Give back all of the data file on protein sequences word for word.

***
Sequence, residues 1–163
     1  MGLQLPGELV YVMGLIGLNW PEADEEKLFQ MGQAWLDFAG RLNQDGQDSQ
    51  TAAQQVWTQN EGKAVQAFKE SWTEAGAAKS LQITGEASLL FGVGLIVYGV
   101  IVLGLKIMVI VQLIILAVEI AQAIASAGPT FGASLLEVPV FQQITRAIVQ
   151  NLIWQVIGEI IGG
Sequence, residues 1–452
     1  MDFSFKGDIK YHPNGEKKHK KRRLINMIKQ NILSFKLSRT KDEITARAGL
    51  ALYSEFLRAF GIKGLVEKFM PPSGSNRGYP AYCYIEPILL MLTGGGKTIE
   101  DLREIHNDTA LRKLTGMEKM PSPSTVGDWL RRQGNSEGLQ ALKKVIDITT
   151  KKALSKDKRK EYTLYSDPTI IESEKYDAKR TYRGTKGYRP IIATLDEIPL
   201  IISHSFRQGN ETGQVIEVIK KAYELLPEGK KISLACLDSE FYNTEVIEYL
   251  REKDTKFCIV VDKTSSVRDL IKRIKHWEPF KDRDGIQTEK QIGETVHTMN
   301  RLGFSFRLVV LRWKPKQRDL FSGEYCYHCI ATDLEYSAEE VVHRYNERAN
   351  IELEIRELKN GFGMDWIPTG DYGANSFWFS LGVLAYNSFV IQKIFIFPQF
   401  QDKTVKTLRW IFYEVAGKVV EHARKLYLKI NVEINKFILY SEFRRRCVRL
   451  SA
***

Sequence, residues 1–163
     1  MGLQLPGELV YVMGLIGLNW PEADEEKLFQ MGQAWLDFAG RLNQDGQDSQ
    51  TAAQQVWTQN EGKAVQAFKE SWTEAGAAKS LQITGEASLL FGVGLIVYGV
   101  IVLGLKIMVI VQLIILAVEI AQAIASAGPT FGASLLEVPV FQQITRAIVQ
   151  NLIWQVIGEI IGG
Sequence, residues 1–452
     1  MDFSFKGDIK YHPNGEKKHK KRRLINMIKQ NILSFKLSRT KDEITARAGL
    51  ALYSEFLRAF GIKGLVEKFM PPSGSNRGYP AYCYIEPILL MLTGGGKTIE
   101  DLREIHNDTA LRKLTGMEKM PSPSTVGDWL RRQGNSEGLQ ALKKVIDITT
   151  KKALSKDKRK EYTLYSDPTI IESEKYDAKR TYRGTKGYRP IIATLDEIPL
   201  IISHSFRQGN ETGQVIEVIK KAYELLPEGK KISLACLDSE FYNTEVIEYL
   251  REKDTKFCIV VDKTSSVRDL IKRIKHWEPF KDRDGIQTEK QIGETVHTMN
   301  RLGFSFRLVV LRWKPKQRDL FSGEYCYHCI ATDLEYSAEE VVHRYNERAN
   351  IELEIRELKN GFGMDWIPTG DYGANSFWFS LGVLAYNSFV IQKIFIFPQF
   401  QDKTVKTLRW IFYEVAGKVV EHARKLYLKI NVEINKFILY SEFRRRCVRL
   451  SA